Kuding-Kuding Cave is the latest cliff-side tourist attraction that opened on the island. Only about four-months-old, Kuding-Kuding Cave (or Pusa-Pusa in Filipino) has a small underwater opening that leads directly to the ocean. Our guide jokingly informed us that cats frequent the cave and its surroundings, hence its name. It takes about 30 minutes to get to Kuding-Kuding Cave by motorbike from Said Beach, and there is an entrance fee of 100 pesos per head. Kuding-Kuding Cave carries an appeal for the more adventurous type who loves to go cliff-diving or swimming inside caves. The locals installed wooden dive boards on the cliff and threw in a makeshift raft just outside the underwater cave opening where tourists and locals alike can play around. During our visit, a couple of high-spirited teenagers were swimming and jumping off the raft. My companion and I are self-confessed beach bums who possess close to zero swimming skills. Luckily, we met a charismatic nine-year-old local girl who willingly showed us just exactly how to enjoy Kuding-Kuding Cave, even effortlessly jumping off the cliff some five to eight times.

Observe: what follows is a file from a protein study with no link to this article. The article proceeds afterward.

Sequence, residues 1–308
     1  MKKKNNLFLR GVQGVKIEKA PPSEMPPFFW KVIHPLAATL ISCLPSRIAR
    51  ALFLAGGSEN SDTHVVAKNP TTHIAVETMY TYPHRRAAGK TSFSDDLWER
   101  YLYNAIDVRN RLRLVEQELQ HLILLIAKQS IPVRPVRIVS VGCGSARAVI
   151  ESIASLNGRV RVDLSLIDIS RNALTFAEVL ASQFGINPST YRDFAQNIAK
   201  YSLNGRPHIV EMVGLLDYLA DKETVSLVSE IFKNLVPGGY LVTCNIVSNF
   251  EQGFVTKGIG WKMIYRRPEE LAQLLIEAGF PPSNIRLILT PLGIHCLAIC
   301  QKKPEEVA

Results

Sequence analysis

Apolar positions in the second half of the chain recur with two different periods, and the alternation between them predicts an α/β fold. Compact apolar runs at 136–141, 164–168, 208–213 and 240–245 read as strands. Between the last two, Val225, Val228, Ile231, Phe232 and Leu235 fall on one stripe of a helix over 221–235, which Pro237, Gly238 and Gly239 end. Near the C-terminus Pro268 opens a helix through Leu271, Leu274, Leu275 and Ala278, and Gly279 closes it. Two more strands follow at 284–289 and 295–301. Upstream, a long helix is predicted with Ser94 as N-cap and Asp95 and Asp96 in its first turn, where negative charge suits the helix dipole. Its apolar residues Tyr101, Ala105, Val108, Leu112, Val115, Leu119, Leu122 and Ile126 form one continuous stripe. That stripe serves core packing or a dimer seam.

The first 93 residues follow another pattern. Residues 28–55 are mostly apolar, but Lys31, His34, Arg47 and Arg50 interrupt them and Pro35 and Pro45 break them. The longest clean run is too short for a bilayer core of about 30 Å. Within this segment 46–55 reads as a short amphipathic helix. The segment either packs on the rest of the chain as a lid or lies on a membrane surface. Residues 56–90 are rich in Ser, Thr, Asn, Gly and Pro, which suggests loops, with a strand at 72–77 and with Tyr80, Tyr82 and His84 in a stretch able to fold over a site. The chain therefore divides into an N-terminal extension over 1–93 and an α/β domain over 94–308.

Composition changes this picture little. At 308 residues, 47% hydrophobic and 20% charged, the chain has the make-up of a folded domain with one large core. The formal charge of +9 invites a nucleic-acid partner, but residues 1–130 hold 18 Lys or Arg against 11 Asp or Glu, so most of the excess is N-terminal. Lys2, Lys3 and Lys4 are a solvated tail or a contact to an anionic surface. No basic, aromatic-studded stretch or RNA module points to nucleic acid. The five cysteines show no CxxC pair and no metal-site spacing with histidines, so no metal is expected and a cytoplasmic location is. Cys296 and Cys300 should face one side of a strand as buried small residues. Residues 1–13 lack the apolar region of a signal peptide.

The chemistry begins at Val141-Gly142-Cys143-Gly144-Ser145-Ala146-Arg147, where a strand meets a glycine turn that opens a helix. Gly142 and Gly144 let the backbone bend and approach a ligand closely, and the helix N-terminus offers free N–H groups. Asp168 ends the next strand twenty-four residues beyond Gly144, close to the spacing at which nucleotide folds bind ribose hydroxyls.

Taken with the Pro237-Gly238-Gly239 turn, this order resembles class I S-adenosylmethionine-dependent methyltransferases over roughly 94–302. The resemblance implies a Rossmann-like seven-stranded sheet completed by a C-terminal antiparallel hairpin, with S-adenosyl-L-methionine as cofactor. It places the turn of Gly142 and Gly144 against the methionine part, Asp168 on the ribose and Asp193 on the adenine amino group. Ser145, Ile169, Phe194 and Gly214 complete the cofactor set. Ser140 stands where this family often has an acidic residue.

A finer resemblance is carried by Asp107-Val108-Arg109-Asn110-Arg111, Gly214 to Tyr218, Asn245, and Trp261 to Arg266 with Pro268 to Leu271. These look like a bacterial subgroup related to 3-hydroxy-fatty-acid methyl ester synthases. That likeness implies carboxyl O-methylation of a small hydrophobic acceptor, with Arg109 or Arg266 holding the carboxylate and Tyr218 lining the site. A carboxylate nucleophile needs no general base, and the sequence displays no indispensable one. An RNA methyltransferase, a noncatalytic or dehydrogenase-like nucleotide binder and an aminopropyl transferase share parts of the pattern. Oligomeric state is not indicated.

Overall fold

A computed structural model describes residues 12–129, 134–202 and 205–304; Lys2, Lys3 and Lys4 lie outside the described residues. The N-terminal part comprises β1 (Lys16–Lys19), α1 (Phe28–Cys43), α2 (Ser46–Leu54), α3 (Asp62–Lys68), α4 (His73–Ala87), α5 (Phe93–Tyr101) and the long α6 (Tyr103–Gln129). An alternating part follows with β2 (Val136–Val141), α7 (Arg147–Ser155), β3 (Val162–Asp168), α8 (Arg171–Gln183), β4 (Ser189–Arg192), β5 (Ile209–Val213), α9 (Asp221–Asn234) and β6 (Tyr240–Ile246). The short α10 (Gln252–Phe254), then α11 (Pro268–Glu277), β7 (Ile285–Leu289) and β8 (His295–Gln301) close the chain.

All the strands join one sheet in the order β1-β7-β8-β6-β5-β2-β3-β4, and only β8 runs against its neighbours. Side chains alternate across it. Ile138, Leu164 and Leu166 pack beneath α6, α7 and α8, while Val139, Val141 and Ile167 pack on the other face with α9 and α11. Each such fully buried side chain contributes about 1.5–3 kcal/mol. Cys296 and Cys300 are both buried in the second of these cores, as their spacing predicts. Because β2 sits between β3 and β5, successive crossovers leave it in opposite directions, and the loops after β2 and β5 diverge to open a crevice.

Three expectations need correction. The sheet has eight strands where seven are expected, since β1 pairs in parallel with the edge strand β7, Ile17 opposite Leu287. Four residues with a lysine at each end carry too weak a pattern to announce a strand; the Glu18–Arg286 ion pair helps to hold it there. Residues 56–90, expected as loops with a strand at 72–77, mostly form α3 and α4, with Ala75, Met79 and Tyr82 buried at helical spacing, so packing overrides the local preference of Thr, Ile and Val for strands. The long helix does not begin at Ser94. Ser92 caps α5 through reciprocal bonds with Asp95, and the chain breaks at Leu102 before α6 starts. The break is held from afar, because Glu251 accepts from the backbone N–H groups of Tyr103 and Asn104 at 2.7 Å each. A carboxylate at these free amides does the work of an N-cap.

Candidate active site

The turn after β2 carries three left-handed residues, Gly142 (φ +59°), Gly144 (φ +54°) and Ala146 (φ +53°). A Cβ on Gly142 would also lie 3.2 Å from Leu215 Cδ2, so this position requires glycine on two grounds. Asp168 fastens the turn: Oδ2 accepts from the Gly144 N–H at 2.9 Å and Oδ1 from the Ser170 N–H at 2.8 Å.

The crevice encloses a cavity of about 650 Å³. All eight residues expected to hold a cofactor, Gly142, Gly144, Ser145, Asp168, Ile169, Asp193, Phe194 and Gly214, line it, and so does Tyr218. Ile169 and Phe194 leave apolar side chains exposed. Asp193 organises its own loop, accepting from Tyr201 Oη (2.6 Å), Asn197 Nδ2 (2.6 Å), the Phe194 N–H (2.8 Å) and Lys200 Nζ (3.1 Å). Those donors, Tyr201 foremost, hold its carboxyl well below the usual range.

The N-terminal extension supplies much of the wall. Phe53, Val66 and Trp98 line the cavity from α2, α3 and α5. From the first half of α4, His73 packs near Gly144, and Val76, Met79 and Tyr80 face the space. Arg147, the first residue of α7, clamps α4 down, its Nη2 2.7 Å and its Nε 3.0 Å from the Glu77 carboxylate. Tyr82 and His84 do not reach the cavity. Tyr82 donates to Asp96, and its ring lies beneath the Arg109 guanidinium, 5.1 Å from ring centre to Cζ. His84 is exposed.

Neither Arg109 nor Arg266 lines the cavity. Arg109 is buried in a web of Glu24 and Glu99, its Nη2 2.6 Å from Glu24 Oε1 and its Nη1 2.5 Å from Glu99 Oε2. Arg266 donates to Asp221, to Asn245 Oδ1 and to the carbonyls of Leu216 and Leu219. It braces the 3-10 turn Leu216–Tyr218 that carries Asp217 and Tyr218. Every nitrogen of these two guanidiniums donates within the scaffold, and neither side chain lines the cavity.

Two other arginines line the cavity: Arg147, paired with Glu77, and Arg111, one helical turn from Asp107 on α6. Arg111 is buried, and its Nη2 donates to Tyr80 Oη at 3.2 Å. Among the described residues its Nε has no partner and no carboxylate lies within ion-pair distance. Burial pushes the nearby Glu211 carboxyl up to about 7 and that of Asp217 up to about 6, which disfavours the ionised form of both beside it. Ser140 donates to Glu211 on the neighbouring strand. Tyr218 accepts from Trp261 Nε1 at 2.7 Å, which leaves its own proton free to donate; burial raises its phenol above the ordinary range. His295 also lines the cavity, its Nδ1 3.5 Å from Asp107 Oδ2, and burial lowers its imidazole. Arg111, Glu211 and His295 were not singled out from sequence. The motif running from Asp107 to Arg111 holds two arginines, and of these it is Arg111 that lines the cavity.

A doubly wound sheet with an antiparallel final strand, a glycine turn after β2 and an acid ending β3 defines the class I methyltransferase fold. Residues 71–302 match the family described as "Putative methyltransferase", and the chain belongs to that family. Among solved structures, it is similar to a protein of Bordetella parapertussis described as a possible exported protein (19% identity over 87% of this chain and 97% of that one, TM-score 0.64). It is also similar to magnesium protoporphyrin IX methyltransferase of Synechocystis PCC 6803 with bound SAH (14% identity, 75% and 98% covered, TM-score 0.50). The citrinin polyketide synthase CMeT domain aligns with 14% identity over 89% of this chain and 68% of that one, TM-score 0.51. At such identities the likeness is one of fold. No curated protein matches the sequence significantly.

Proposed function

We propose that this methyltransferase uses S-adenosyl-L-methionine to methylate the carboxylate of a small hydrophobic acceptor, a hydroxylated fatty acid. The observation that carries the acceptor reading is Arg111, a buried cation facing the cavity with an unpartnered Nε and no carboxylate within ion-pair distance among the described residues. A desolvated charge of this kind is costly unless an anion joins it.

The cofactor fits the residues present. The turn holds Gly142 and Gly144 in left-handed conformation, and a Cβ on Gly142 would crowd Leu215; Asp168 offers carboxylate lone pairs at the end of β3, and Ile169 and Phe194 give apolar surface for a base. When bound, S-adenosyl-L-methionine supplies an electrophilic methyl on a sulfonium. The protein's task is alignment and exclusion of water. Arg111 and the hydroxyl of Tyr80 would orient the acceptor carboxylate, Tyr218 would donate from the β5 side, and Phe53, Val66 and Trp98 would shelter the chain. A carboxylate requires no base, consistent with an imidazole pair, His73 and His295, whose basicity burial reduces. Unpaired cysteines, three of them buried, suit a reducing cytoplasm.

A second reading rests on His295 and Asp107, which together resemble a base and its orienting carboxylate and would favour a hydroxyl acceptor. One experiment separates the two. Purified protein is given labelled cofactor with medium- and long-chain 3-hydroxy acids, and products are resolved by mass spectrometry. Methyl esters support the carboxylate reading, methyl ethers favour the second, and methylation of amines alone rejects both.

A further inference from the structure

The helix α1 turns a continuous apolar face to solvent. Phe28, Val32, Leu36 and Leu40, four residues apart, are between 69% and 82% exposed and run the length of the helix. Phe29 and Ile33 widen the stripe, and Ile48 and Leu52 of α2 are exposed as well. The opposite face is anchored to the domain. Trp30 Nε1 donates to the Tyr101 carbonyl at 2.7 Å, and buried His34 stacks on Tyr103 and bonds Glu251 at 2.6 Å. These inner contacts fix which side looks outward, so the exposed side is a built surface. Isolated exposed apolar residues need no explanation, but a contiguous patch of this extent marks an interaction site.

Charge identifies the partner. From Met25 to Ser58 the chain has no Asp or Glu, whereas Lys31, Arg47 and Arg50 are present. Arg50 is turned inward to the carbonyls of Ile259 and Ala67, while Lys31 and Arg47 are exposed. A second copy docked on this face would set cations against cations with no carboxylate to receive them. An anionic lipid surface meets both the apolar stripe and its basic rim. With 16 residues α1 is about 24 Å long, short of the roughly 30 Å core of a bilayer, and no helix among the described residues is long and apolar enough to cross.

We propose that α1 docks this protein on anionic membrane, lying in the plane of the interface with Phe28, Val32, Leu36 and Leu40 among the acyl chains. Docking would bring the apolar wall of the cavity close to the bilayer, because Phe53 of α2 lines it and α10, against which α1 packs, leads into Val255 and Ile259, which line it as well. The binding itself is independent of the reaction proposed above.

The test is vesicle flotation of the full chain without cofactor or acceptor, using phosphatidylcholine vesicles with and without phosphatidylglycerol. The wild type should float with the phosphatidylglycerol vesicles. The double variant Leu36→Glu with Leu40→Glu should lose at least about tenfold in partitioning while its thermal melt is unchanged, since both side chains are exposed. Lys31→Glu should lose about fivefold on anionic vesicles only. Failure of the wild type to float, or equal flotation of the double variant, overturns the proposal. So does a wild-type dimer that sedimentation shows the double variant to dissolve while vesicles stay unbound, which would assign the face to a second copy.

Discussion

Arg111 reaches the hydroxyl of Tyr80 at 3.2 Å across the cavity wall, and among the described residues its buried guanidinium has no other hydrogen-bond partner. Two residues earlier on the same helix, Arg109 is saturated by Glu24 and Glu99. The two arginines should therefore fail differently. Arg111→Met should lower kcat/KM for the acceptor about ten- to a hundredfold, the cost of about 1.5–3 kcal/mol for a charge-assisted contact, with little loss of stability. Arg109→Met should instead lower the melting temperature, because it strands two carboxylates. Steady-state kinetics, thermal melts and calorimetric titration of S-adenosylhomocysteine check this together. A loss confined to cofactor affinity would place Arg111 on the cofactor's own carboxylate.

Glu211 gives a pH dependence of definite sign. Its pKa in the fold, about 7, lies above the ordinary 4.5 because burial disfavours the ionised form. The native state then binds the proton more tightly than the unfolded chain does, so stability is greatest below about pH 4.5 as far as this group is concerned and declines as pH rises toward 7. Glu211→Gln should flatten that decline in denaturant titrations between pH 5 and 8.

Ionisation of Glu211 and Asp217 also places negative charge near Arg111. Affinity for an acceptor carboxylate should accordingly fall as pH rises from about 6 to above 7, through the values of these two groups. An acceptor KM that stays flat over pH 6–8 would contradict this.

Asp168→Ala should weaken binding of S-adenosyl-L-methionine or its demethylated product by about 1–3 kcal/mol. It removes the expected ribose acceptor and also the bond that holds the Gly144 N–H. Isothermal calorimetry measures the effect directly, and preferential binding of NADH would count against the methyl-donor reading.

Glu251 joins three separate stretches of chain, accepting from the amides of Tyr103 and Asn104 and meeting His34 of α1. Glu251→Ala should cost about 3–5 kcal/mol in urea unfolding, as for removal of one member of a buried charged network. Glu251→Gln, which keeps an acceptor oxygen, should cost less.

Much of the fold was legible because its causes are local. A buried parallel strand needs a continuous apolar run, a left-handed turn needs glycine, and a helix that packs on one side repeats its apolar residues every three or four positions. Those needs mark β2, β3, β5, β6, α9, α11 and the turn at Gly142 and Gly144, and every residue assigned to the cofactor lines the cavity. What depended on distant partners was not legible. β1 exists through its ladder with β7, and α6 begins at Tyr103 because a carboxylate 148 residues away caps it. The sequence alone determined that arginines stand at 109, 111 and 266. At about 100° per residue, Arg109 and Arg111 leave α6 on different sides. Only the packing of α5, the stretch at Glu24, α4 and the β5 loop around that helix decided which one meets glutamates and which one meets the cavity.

Ngiriton Bat Cave
Part of the half-day island tour is a visit to Ngiriton Bat Cave. According to our guide, Ngiriton means Smiling Face in English — perhaps because the mouth of the cave actually forms a huge grin. Ngiriton Cave is about 15 minutes away from Kuding Kuding Cave. There is an entrance fee of 100 pesos per person, which includes one fresh coconut taken straight from the coconut trees surrounding the cave to quench your thirst after exploring the small albeit fascinating cave filled with bats.